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Residential care homes
Medway Council provides some residential accommodation and
associated services directly while other services are purchased
directly from the independent or voluntary sector.
For a directory of registered residential care and nursing
homes and day care services for older people provided
by Medway Council and its partners as well as details of other
care services provided in the community funded by Medway Council
and by other local private, community, and voluntary sector
agencies, see our guide:
The decision to leave your home and go into a residential or
nursing home is not an easy one.
Perhaps the support you have been receiving no longer meets your
needs or maybe your main carer is unable to continue providing the
level of support you require. Perhaps residential care has been
suggested following an assessment in hospital.
A residential care home aims to meet your personal and social
care needs and provide the care and attention you would receive at
home. The staff in a residential home can help with personal care
such as washing, taking a bath, getting up or dressing.
Help would always be available when you needed it. All meals are
provided and there are activities that you can take part in,
including outings. Visitors are welcomed.
Following an assessment, if the Fair Access to Care Services (FACS) criteria
have been met and it is agreed that you need a place in a
residential or nursing home, you and your carer can choose which
home is suitable for you.
You can choose a home within Medway or if you would like to live
nearer to family or friends, you may choose a home elsewhere. It is
important to ensure that you choose a home that will meet your
needs, both now and in the future.
There are many homes to choose from. Some are privately owned,
others are run by voluntary organisations and some are run by local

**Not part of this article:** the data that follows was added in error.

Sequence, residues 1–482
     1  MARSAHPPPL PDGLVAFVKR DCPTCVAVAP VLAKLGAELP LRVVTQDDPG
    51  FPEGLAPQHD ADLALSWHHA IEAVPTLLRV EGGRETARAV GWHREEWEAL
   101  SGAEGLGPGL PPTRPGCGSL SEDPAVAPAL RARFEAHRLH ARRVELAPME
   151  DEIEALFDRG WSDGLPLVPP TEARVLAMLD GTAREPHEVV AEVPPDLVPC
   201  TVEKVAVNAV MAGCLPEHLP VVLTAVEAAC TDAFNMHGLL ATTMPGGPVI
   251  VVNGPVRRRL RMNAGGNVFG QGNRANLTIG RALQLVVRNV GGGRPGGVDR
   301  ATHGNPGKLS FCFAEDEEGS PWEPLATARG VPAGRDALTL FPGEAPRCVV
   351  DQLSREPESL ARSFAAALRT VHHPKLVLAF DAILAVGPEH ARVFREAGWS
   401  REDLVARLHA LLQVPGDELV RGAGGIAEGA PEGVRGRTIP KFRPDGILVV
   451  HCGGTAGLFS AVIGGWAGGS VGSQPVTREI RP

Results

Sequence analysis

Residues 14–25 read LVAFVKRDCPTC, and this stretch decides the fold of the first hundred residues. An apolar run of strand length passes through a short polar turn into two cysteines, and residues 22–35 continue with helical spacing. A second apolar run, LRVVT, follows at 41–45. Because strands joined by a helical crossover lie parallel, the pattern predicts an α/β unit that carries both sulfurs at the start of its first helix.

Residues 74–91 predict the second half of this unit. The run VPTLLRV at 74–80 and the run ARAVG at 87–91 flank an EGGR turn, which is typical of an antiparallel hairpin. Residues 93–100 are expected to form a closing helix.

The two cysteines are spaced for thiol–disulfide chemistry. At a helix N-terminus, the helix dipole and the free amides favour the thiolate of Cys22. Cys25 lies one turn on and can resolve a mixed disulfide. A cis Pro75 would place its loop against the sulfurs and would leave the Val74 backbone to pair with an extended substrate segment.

Choosing a residential or nursing home
Moving into residential care and choosing a care home means
making some important decisions. If you are looking for a
residential place for yourself or a relative or friend, you should
visit several before you decide. Every home has something different
to offer. These are some of the questions you may wish to ask:
- Is the home near relatives and friends?
- Can they visit at any time?
- Is it in the area you want to live?
- Is there a choice of single or shared rooms?
- Do residents have a key for their own use?
- What personal possessions can the resident take into the
- Is there somewhere to keep valuables safe?
- Can you have your own television and/or telephone in your
- Is there an en-suite toilet?
- Are the bathrooms easy to get to?
- Are there aids and equipment for people with a disability?
- What facilities are available such as lifts, a television room,
telephones, a call system or a laundry?
- Are there any rules about alcohol or smoking?
- Is there a choice of food?
- Are menus displayed?
- How will your medical and health care needs be catered
- Do the residents seem happy and alert?
- Is there a comfortable lounge area?
- What will I be expected to contribute towards the cost?
If you are paying privately for your care, you will need to ask
what the full cost of the placement is. There may be other costs
that you or your family may need to meet. For more information see
charging information for residential and nursing
How to complain
Please download How to complain
about a care home or care in your home, a leaflet explaining
what to do if you or a member of your family has a complaint about
adult social care services. (pdf 466KB)
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